Once the butt of every joke, now Tottenham are laughing at complacent Arsenal's expense

Jeremy Wilson
Arsenal were comfortably beaten by a rampant Tottenham team - EPA

The joke might have been delivered with tongue firmly in cheek but to understand how the football hierarchy in north London has been so decisively and unexpectedly rearranged, you would only have to recall Arsenal’s annual general meeting during the 2013-14 season.

Gareth Bale had just been sold to Real Madrid and Arsenal chief executive Ivan Gazidis felt sufficiently confident about his club’s long-term prospects to note that the Welshman “doesn’t play for Tottenham, he now plays for one of our rivals”. 

Chairman Sir Chips Keswick had earlier also been no less bullish when he was challenged over whether change was needed at Arsenal. “It’s like a lady having a new hair-do… often, it’s no better than the one you’ve got,” he said. 

It all reflected a feeling that the hard years of paying back the Emirates were over and Arsenal were poised to move decisively clear of clubs such as Spurs in their pursuit of Europe’s heavyweight elite. Three years on and the most persuasive argument for change was staring up at the Arsenal directors from the White Hart Lane dugout.

Mauricio Pochettino, a manager almost identical in age to Wenger when he arrived in England 21 years ago, was doing exactly what the Frenchman once did. With a £100 million wage bill – almost half that of Arsenal’s – he was inspiring his team to another performance that defied their natural resource. Confirmation that Tottenham will finally finish above their great rivals for the first time in 22 years was not just a cause for ecstatic celebration in this last derby at the old ground but also shone an uncomfortably bright spotlight on Arsenal’s failings.

Pochettino’s team here looked more tactically organised, physically imposing and individually certain of their roles. They also seemed hungrier and played with a purpose, intensity and mental strength that Arsenal have lacked so alarmingly at too many critical moments this season.

Collectively, Tottenham had run fully 10 kilometres further. “When you run more, you have more options to your team-mate when you are in possession,” Pochettino said. “When you don’t have the ball, it is to run to try to recover as soon as possible.”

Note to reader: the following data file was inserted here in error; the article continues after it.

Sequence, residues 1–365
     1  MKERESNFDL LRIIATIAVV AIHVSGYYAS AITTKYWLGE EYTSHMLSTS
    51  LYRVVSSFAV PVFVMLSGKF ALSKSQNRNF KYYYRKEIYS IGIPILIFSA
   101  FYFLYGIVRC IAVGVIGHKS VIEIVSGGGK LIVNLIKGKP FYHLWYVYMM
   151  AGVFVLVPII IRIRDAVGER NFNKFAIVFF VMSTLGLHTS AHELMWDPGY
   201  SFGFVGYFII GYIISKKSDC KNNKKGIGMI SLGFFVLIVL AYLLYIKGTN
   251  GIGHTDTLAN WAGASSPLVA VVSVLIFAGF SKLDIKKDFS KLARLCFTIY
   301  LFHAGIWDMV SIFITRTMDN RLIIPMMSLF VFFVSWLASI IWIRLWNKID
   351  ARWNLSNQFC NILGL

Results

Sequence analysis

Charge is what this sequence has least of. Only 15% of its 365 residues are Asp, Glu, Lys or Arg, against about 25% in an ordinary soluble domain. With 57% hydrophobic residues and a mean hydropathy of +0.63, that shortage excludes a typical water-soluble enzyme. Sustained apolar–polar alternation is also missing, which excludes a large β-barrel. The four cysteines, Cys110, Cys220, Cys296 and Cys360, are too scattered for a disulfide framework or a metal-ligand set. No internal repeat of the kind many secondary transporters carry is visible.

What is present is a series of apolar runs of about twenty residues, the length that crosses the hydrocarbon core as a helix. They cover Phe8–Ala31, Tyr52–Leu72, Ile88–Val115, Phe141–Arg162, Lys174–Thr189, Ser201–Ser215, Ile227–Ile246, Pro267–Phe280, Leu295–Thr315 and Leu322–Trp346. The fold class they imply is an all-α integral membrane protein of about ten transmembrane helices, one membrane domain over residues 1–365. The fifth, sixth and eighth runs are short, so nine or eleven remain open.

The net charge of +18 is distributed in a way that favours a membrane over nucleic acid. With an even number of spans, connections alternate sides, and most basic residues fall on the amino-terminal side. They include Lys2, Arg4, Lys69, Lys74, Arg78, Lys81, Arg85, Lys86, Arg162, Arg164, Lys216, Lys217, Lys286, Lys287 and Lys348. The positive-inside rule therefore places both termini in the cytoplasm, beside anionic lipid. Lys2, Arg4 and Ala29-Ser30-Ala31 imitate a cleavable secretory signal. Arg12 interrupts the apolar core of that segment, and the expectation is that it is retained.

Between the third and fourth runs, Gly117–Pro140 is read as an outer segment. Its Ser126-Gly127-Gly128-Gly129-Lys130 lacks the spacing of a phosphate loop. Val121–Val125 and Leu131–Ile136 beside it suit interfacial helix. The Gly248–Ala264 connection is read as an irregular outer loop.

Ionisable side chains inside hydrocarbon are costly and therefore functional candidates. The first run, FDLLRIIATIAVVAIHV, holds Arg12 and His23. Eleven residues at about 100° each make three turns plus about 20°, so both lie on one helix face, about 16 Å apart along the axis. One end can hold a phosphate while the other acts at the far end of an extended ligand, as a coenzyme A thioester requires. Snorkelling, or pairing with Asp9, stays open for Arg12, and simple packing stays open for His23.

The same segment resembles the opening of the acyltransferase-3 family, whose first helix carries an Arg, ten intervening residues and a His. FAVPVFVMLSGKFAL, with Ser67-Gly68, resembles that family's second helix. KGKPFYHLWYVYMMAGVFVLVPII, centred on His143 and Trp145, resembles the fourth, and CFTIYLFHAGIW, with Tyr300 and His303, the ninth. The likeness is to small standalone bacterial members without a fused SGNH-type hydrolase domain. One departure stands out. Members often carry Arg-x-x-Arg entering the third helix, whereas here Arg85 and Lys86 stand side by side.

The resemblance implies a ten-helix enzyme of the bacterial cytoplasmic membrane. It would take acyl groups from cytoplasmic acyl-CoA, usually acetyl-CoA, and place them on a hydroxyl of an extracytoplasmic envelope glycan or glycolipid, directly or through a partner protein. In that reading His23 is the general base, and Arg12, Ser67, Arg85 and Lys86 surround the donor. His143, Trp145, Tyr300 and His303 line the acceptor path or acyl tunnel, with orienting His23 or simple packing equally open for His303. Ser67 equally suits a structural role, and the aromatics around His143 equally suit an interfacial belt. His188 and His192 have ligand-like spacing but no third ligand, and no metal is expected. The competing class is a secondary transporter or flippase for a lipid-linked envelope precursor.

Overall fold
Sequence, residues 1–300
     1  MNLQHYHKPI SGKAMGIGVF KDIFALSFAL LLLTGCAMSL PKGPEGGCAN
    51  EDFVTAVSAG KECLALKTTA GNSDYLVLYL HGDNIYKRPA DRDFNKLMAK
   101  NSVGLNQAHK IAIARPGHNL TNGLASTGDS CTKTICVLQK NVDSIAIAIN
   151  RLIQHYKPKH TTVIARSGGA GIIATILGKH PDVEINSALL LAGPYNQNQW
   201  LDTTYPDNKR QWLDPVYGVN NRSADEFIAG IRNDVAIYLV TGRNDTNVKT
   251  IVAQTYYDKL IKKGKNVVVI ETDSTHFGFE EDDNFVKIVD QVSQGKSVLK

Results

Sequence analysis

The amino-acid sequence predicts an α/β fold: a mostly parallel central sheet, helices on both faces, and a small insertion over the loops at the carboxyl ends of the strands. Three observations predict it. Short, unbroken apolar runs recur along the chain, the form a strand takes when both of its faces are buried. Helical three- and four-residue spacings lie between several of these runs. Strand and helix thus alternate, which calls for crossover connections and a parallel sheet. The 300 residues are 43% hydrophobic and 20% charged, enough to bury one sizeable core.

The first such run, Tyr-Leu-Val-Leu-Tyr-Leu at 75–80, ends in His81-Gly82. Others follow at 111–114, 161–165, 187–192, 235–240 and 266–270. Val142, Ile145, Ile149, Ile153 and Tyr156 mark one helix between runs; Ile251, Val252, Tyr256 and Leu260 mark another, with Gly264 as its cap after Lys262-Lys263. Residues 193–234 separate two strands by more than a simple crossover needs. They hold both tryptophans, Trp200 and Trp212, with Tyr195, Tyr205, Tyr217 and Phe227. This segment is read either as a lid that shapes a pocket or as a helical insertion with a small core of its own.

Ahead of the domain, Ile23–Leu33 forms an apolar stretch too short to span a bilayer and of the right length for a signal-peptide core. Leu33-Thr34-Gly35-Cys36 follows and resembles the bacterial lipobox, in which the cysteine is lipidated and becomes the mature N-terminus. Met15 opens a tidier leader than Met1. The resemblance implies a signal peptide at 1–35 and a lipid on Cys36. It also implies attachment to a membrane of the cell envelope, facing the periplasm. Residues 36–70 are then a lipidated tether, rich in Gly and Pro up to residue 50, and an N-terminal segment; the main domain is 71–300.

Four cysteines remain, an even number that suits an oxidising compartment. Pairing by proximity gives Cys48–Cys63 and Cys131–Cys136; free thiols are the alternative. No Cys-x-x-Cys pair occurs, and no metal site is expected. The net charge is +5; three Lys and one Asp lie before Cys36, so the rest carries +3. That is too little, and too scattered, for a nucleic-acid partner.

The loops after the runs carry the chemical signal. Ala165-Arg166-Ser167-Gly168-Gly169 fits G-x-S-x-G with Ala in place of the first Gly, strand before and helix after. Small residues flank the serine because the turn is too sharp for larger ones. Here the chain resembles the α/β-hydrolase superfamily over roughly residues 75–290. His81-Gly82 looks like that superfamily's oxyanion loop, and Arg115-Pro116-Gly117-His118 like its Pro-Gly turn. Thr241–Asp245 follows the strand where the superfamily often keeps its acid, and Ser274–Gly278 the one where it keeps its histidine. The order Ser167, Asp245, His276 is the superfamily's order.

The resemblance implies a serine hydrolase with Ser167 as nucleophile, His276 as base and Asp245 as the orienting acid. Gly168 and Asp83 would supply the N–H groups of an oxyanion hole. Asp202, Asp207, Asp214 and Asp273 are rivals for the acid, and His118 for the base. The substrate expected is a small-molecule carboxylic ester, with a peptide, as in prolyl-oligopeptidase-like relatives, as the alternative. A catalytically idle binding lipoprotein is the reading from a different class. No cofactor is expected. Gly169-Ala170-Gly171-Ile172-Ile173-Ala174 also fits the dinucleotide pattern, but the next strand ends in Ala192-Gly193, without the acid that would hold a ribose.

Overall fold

Frank Lampard put it more bluntly: “Tottenham have no passengers; Arsenal do.” 

The difference was also psychological and the 74 seconds that decided the game were especially instructive. Arsenal had suffered a setback in falling behind and their response, in briefly becoming even more vulnerable and disorganised, was in keeping with so much of their season. 

A 2-0 final scoreline was more flattering to Arsenal and especially damning in the context of what had been a subtle but significant pre-match shift. Chelsea winning amid dropped points for both Manchester clubs had potentially presented a greater opportunity for Arsenal than Tottenham. Victory would have reignited their top-four hopes, but what followed only underlined how the scars of that nightmare sequence of seven defeats in 12 games were not erased by three moderately more productive performances. 

Spurs vs Arsenal shots on goal

So does all this amount to a power shift in north London? Of course. The league table’s answer is emphatic, even if the wider debate about the permanence of this change is still very much live. Joyous chants of “Arsène Wenger, we want you to stay” might have been ringing out here but it is worth also remembering that his Arsenal reign has inspired structural changes that will make Spurs’ new-found ascendancy hugely difficult to sustain. 

For all Pochettino’s brilliance, what was only an eighth defeat in Wenger’s 50th derby is likely to remain the longer-term exception rather than the norm. The balance sheets tell us that. And yet all this only underlines how Tottenham have earned their moment. Their salary spend is closer to that of a Championship club than Arsenal and yet they have constructed a team so clearly superior. It is a testament to a relentless improvement which Arsenal, for all their past confidence, simply have not matched.

Arsene Wenger cut an exasperated figure on the sidelines Credit: Getty Images

Most clubs would suffer just now in any comparison with Tottenham but the reality for Arsenal is that a 17-point gap is a chastening reflection of their respective work in recruitment and on the training ground. Both clubs have pursued a policy of identifying and developing young domestic talent but there is a chasm in how the likes of Harry Kane, Dele Alli, Eric Dier, Danny Rose and Kyle Walker have progressed in comparison to Kieran Gibbs, Aaron Ramsey, Alex Oxlade-Chamberlain and Jack Wilshere. 

Tottenham’s title challenge both this year and last has been achieved against the usual financial norms of football and, after so many years of feeling superior, it is time for Arsenal to learn from their bitter rivals.

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